Another guest post, this time on a book that has been getting a ton of positive press. Guest poster Maureen Eichner is a children’s assistant at a public library in the Indianapolis area. She has excellent taste in fantasy and is a thoughtful careful reader, so after reading and replying to this, do take a moment to check out her other writing: Maureen blogs at By Singing Light (http://bysinginglight.
All the Truth That’s In Me is Julie Berry’s first YA book — she has also published several books for younger readers. It’s garnered some critical kudos, with starred reviews from SLJ, Kirkus, Horn Book, the Bulletin, and PW, as well as a mention on the SLJ and Kirkus Best of 2013 lists. In some ways, it’s easy to see why it’s gotten this acclaim. But of course, stars or lack thereof don’t necessarily bear on the Printz.
It is perhaps the most polarizing title of the year. Love, hate, and debate about audience have all bubbled up around Tom McNeal’s Far Far Away. A National Book Award finalist, the novel also has five starred reviews and has made four of the year’s best lists; clearly, there is a lot of love for this book. But whenever I discuss Far Far Away with someone who didn’t like it, they don’t just dislike the book, it’s more like disdain.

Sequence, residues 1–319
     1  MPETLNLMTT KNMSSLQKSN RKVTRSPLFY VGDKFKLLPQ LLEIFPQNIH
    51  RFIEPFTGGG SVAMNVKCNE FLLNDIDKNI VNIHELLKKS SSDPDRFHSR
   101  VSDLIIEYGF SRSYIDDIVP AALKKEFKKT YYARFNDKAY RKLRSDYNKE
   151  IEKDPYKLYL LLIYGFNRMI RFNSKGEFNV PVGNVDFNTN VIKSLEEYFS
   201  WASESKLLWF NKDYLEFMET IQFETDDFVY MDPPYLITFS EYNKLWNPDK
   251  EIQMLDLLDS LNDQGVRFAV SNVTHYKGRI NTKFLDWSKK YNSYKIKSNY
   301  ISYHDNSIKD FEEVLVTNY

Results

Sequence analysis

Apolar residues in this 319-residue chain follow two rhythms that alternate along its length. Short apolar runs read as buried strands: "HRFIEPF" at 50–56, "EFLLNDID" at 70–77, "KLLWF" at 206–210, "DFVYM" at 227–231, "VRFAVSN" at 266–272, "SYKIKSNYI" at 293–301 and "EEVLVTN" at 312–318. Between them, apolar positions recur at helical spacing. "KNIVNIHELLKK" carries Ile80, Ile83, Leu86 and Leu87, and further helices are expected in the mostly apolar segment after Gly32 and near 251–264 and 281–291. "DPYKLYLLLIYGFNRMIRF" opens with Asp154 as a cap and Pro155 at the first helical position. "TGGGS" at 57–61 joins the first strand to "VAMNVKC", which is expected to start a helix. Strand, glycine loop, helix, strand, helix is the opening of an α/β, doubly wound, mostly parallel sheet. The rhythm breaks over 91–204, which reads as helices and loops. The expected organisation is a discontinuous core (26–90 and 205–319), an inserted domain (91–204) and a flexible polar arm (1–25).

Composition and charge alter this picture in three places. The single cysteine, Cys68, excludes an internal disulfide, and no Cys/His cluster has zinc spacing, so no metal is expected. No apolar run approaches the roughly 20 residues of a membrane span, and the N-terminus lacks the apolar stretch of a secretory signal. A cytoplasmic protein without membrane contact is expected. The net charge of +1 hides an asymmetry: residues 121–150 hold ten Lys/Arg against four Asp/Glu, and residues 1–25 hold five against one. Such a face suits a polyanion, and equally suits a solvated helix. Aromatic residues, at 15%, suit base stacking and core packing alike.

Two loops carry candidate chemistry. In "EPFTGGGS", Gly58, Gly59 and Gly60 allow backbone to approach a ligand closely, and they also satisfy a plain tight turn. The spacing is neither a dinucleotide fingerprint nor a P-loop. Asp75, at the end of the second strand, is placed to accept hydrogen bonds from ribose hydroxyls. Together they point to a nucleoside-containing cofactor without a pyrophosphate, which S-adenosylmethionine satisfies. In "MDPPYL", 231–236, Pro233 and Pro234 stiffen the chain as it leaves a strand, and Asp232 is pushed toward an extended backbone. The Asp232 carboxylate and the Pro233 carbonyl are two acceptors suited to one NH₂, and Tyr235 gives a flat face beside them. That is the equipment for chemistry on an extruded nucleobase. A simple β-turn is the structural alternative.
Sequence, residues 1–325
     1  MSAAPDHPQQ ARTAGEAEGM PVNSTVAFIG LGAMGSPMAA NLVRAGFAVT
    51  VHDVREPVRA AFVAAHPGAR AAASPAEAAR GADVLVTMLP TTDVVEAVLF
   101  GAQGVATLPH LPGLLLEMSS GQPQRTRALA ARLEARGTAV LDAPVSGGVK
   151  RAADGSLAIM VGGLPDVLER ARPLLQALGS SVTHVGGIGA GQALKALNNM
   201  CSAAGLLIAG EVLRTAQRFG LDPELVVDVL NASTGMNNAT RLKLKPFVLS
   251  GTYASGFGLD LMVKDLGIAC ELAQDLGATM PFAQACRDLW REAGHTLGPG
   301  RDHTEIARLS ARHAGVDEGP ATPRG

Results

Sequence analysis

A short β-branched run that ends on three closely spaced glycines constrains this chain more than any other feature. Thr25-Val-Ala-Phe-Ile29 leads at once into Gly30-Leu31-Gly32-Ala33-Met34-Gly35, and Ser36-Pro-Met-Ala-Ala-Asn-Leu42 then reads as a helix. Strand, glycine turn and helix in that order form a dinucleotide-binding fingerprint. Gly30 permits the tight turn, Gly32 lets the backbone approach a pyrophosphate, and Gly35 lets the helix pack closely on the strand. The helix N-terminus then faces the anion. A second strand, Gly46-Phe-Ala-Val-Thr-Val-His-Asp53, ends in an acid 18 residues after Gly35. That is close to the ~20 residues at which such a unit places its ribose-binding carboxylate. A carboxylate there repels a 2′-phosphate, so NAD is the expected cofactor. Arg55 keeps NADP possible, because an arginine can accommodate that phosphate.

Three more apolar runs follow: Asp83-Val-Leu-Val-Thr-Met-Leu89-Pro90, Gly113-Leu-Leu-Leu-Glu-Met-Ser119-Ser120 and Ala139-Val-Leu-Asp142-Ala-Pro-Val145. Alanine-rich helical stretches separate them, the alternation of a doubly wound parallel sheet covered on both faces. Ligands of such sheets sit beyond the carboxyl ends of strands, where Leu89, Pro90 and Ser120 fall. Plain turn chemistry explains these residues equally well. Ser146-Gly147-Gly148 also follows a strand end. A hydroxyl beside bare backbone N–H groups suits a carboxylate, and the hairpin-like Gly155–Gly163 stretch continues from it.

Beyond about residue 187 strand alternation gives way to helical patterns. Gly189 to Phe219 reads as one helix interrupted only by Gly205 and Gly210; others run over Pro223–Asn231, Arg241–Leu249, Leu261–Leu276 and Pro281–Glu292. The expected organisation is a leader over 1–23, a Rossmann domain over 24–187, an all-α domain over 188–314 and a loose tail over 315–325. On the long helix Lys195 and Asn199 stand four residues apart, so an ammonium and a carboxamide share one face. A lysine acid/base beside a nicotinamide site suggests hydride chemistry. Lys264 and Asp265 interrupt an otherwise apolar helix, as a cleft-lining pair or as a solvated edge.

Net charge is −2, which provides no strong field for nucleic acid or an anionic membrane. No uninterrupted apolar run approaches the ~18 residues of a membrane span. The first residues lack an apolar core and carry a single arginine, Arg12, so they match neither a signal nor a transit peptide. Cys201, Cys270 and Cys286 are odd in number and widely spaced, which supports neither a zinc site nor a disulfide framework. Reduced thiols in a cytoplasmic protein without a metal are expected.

I’m not one of those people but I’m not quite on the side of adoration either. McNeal’s most prominent theme is story—its power and our lives as stories are two variations that we see in the novel. McNeal’s use of storytelling (specifically, fairy tales) as a major theme is done well enough, but when analyzed with other elements of the novel such as voice, style, and characters, Far Far Away is a book made up of discrete notes that, when played together, make a dissonant sound.
We put out a call asking for interested parties to take a shot at making the case for their top book of the year, and today, occasional guest poster Clair Segal is back to do just that. Or sort of that, because she’s taken on a challenge: talking about a second book in a series.
See, the thing no one told me about going to your first Annual is that it makes you act crazy.
Totally crazy. Librarian!crazy. (Which is frankly the best kind of crazy because all things in life are better when prefaced with “Librarian!”)
But crazy is crazy, and I acted the book-obsessed-fool in Chicago. I stumbled over my tongue telling Holly Black how “amazering” Coldest Girl was. I tried to show Emily Danforth that I was awesome and hip, and great best-friend material. I waited in an insanely long line to profess to an indifferent Tamora Pierce that she had changed my life forever at the tender age of nine. (“Hmm,” my childhood idol offered, nodding politely and sliding over a signed book as her handler motioned me on.)
Maggie Stiefvater’s The Dream Thieves made me beg a stranger for pity.
Let me start with a provocative question: Can a book be so literary that it fails at being a book?